Contrastivism about reasons is the view that ‘reason’ expresses a relation with an argument place for a set of alternatives. This is in opposition to a more traditional theory on which reasons are reasons for things simpliciter. I argue that contrastivism provides a solution to a puzzle involving reason claims that explicitly employ ‘rather than’. Contrastivism solves the puzzle by allowing that some fact might be a reason for an action out of one set of alternatives without being a reason (...) for that action out of a different set of alternatives. (shrink)
Some philosophers hold that „ought‟ is ambiguous between a sense expressing a propositional operator and a sense expressing a relation between an agent and an action. We defend the opposing view that „ought‟ always expresses a propositional operator against Mark Schroeder‟s recent objections that it cannot adequately accommodate an ambiguity in „ought‟ sentences between evaluative and deliberative readings, predicting readings of sentences that are not actually available. We show how adopting an independently well-motivated contrastivist semantics for „ought‟, according to which (...) „ought‟ is always relativized to a contrast set of relevant alternatives, enables us to explain the evaluative-deliberative ambiguity and why the availability of these readings depends on sentential grammar. (shrink)
This paper raises a challenge for the recently popular reasons first approach to normativity, according to which all normative notions can be explained in terms of reasons. The reasons first theorist owes us an account of how these explanations go for all other normative notions. I focus here on requirement, and to a lesser extent, permission. There is a very plausible, widely accepted account of the relationship between your reasons and what you ought to do|roughly, what you ought to do (...) is just what you have most reason to do. But it is important to distinguish what you ought to do and what you are required to do. So we still need to give some account of the relationship between reasons and requirements, and relatedly, between reasons and permission. This is less straightforward than giving an account of ought in terms of reasons. I focus in this paper on a strategy I call the Two Kinds of Reasons strategy, and argue that it faces serious obstacles. (shrink)
Contrastivism about some concept says that the concept is relativized to sets of alternatives. Relative to some alternatives, the concept may apply, but relative to others, it may not. This article explores contrastivism about the central normative concepts of reasons and ought. Contrastivism about reasons says that a consideration may be a reason for an action A rather than one alternative, B, but may not be a reason for A rather than some other alternative, C. Likewise, contrastivism about ought says (...) that it might be that you ought to perform action A rather than action B, while it is not the case that you ought to perform A rather than some other alternative, C. It explores the shape and motivations for, and the relationship between, these contrastivist theories. (shrink)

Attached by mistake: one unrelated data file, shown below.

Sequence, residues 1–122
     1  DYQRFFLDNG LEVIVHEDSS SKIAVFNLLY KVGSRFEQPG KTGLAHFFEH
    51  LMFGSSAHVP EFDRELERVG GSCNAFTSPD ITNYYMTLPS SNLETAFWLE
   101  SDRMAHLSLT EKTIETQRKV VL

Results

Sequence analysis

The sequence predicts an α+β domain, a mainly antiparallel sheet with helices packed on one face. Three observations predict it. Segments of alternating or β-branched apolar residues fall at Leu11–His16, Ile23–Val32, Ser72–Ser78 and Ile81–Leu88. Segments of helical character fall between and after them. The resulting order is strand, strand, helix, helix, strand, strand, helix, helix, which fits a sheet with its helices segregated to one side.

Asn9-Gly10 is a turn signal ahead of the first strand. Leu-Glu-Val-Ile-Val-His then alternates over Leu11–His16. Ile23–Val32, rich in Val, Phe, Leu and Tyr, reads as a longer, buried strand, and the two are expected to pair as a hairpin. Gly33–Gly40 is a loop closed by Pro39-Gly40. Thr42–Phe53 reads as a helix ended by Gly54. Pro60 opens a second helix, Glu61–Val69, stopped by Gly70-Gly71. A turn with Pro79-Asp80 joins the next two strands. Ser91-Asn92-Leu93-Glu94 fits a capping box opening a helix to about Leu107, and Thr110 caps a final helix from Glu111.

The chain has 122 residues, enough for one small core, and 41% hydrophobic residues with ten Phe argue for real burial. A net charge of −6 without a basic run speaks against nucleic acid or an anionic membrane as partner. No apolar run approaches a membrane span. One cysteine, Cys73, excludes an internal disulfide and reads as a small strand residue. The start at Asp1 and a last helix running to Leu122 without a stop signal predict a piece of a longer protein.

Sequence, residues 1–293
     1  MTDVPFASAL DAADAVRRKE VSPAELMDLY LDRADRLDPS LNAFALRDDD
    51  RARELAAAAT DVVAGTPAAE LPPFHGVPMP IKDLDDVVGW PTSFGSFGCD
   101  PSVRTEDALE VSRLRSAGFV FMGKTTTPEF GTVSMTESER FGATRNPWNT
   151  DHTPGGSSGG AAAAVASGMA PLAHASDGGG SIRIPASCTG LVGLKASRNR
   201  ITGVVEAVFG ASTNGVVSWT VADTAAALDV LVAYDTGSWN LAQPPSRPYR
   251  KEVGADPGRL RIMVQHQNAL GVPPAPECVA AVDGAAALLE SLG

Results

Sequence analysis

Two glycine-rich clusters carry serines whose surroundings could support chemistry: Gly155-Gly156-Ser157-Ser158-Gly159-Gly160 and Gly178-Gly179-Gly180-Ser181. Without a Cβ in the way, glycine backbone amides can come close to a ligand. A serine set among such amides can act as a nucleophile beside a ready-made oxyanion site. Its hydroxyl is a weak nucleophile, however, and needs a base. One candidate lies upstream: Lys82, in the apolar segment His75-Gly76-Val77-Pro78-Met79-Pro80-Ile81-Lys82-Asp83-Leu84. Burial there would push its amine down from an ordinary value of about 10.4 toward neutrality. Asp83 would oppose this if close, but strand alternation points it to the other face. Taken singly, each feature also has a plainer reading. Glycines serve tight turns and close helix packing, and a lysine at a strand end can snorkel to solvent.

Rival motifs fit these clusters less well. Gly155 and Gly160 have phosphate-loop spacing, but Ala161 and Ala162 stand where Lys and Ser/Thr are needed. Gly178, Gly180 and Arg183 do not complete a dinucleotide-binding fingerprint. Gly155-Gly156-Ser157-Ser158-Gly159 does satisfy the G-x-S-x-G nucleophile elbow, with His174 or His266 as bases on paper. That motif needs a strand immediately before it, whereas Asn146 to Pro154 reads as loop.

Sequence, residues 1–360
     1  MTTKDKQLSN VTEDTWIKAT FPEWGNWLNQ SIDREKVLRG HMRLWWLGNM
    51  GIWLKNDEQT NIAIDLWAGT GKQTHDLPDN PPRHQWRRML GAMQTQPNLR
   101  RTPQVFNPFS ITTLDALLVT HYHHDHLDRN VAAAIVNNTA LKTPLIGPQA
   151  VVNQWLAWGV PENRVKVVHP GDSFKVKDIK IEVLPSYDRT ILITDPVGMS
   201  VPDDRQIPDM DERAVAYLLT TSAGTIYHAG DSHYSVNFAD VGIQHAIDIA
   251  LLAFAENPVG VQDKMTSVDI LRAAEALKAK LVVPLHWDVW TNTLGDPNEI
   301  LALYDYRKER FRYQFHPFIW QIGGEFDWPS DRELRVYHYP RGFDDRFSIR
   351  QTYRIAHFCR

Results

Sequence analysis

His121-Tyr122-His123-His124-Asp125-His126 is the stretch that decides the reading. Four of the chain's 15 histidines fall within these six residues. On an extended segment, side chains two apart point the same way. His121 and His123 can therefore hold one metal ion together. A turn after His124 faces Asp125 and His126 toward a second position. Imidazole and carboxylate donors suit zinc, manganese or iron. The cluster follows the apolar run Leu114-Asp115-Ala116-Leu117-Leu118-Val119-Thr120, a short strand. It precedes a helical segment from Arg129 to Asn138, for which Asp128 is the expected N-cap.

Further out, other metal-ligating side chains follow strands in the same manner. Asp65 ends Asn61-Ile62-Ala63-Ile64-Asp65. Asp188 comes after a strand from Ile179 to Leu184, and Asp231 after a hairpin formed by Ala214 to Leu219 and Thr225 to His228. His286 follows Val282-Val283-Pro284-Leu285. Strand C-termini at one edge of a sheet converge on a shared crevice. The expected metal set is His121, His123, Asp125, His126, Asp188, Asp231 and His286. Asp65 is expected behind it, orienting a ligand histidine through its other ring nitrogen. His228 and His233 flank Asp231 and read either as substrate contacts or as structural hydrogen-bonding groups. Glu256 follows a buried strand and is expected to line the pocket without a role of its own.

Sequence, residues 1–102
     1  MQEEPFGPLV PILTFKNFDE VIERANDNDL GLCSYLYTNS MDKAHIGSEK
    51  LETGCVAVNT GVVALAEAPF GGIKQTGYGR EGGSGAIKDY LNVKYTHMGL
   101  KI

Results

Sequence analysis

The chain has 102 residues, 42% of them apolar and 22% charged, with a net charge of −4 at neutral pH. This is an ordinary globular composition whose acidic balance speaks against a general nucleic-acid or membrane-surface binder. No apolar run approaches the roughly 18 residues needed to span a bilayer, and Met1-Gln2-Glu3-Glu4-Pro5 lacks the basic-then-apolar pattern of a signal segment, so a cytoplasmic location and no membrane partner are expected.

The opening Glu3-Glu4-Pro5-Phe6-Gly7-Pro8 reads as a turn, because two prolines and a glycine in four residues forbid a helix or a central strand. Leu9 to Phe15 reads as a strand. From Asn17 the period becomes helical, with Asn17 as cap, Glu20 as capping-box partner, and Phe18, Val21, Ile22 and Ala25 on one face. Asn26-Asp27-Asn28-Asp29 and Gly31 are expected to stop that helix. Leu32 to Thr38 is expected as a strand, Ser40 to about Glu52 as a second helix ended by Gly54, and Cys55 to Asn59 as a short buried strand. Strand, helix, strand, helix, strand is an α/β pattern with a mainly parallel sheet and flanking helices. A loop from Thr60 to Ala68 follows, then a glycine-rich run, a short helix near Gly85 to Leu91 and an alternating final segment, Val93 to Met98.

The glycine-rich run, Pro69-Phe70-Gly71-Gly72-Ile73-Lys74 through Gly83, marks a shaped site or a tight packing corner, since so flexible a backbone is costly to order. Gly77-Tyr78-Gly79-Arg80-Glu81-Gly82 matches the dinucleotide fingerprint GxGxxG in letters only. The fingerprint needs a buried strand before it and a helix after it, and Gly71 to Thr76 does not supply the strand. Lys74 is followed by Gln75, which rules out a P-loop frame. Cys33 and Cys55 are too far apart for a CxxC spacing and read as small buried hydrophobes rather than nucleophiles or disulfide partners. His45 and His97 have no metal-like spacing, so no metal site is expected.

This chapter investigates different ways that pro tanto reasons bearing on our options can compete with one another in order to determine the overall normative status of those options. It argues for two key claims: (i) any theory of this competition must include a distinct role for reasons against, in addition to reasons for, and (ii) any theory must allow for comparative verdicts about how strongly supported the options are by the reasons, rather than simply which options are permissible or (...) required. A simple balancing account and an account based on a distinction between requiring and justifying reasons are rejected, and a new account giving a distinct role for reasons against is introduced. (shrink)
A plausible constraint on normative reasons to act is that it must make sense to use them as premises in deliberation. I argue that a central sort of deliberation – what Bratman calls partial planning – is question-directed: it is over, and aims to resolve, deliberative questions. Whether it makes sense to use some consideration as a premise in deliberation in a case of partial planning can vary with the deliberative question at issue. I argue that the best explanation for (...) this is that reasons are contrastive or relativized to deliberative questions. (shrink)